Presenting Poe to Young Minds

My annotation of Poe is a digital edition of Hop-Frog, tailored to middle school aged readers. Around the age of 11 was when I first read a Poe tale, and fell in love with the dark aspects of his story telling. In school we only read The Raven, and I was disappointed by the lack of Poe that was accessible to someone my age. The vocabulary was often tough to get through and the references were way over my head, so I wanted to create a story-telling environment with my annotations and digital edition that made Poe more approachable to younger people.

Once I decided on my audience, it was clear to me that I needed to create a digital edition of my work. It is easier to access and more convenient for teachers to assign to their students. Also, most pre-teens are less likely to check out a book about Poe that looks boring and has hundreds of pages; they would be more admissible to a website with tales and poems that have helpful annotations alone the way.

DesignLayout
My design layout for the digital exhibiton

As seen in my design plan, the website is very dark, to set the mood for the story, with white writing, and pictures fading out of the black background. The phrases and words that have annotations are highlighted yellow. When the reader hovers their mouse over a highlighted phrase, a pop-up will appear that contains the annotation. I didn’t want my annotations to be too busy, or intimidate readers away from the story, so I decided that the pop-up function was best. It keeps the annotations hidden, and they only appear if/when the reader wishes to see them, which is less distracting to the story.

I chose Hop-Frog because it is a reasonable story for pre-teens and young teens to read for various reasons. First, the length is short enough to keep the tale interesting but long enough to have the need for annotations. Also, the story has the classic Poe horror that is enticing to many readers, but it’s not too gruesome or gory for a younger age group. The main reason I picked Hop-Frog, however, is that I had never read the story before this semester. Often, middle schoolers are just exposed to The Raven, Annabel Lee, and Tell-Tale Heart. I wanted to give young readers a lesser known story that’s short, exciting, and historical in context.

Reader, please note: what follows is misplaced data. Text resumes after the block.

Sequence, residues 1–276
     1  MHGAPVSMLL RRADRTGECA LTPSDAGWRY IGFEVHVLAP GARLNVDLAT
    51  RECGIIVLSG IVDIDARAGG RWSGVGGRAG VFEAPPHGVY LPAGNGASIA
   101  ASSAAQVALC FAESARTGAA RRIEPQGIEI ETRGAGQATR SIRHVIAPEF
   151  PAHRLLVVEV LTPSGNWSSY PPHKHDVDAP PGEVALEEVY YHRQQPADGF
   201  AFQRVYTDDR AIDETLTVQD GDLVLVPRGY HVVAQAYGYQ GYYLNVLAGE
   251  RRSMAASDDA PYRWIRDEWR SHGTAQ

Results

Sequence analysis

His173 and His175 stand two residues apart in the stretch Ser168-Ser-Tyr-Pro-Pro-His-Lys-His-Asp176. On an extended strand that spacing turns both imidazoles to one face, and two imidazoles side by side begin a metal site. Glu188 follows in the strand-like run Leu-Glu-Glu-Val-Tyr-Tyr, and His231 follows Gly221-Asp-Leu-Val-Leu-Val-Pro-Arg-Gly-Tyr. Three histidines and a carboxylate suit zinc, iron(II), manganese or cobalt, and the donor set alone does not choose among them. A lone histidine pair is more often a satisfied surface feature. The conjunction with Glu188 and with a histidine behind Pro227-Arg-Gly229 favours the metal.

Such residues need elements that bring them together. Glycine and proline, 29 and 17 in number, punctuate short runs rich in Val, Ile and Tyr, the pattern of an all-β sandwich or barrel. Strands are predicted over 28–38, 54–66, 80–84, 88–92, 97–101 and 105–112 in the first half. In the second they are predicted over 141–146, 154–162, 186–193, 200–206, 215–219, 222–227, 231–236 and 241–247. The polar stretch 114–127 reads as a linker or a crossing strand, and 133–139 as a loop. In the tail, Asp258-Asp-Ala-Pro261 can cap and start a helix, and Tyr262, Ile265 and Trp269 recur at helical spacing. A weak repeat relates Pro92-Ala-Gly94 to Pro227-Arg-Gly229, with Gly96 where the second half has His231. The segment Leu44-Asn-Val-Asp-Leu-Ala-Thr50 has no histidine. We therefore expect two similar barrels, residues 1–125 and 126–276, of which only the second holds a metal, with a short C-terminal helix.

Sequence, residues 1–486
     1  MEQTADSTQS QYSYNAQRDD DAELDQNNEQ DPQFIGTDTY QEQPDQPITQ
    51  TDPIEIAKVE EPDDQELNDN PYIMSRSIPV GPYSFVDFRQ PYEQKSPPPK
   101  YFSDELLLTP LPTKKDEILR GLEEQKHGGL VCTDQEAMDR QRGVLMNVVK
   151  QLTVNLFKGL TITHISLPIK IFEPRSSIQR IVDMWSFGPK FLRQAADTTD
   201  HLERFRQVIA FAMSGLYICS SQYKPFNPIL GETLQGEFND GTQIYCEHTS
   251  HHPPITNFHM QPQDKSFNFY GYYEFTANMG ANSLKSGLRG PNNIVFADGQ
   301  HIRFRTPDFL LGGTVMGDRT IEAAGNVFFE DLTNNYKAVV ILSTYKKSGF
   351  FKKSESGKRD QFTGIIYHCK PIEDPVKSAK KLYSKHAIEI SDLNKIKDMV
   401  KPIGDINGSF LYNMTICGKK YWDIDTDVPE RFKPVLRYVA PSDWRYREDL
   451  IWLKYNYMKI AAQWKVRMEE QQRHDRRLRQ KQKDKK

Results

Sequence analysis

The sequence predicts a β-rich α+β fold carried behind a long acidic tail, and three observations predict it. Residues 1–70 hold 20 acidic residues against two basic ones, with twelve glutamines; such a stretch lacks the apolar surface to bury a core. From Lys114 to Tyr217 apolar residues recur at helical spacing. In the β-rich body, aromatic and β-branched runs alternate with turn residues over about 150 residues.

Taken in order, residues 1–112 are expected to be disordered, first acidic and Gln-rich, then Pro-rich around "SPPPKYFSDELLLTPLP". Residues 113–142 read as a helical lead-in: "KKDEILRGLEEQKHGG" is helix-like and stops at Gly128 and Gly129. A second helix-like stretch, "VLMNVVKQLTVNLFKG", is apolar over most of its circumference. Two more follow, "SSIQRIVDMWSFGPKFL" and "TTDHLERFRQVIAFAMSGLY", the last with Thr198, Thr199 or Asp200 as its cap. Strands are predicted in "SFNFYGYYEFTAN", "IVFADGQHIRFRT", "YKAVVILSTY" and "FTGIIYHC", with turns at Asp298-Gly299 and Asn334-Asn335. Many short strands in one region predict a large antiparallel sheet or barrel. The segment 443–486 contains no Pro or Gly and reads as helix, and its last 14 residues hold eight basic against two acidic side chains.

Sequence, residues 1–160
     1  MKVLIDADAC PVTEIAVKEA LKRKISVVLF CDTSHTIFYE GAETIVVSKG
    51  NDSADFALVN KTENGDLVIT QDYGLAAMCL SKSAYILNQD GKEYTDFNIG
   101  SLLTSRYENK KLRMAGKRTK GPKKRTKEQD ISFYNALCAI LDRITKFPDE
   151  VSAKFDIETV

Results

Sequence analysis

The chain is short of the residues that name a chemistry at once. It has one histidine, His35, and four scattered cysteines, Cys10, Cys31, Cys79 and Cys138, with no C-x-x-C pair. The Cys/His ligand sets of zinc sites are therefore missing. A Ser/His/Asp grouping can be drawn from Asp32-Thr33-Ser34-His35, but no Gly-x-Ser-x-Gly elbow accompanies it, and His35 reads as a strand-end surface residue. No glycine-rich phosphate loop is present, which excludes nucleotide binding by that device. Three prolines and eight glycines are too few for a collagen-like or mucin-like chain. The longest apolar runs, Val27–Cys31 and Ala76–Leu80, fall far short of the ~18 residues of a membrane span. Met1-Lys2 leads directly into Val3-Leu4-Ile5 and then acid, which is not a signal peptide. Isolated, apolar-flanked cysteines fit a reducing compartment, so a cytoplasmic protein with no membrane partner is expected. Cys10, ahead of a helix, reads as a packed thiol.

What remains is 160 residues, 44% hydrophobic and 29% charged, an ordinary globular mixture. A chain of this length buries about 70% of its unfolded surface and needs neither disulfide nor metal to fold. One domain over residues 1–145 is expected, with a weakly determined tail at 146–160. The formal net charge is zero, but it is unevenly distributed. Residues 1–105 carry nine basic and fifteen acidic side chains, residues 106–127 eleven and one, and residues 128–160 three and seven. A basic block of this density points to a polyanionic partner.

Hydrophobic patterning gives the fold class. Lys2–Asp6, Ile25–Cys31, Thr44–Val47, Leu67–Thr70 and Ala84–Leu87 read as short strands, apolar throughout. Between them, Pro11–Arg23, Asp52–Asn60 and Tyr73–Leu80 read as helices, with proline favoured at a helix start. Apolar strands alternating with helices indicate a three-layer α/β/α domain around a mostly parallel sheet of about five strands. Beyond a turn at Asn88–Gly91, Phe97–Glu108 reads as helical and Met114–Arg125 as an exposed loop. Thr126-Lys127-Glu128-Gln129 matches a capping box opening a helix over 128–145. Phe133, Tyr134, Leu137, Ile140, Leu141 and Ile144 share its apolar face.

My edition of Hop-Frog is very beneficial to Poe’s legacy, for many reasons. The young audience would get a new generation of readers interested in Poe and eager to learn more about him and his tales. The use of one of his lesser-known stories would help the readers branch out beyond the classics we all know and not be afraid to look up more works of Poe that go beyond the stereotypical inclusions in their English textbooks. Also, the way that my annotations are designed to work on the site allow my voice to give direction and guidance to the reader, but they don’t detract from the flow and plot that Poe so carefully crafted. Most importantly, the digital aspect of the edition means that it will be the most easily accessible way to read, enjoy, and learn about Edgar Allan Poe and his amazing tales.

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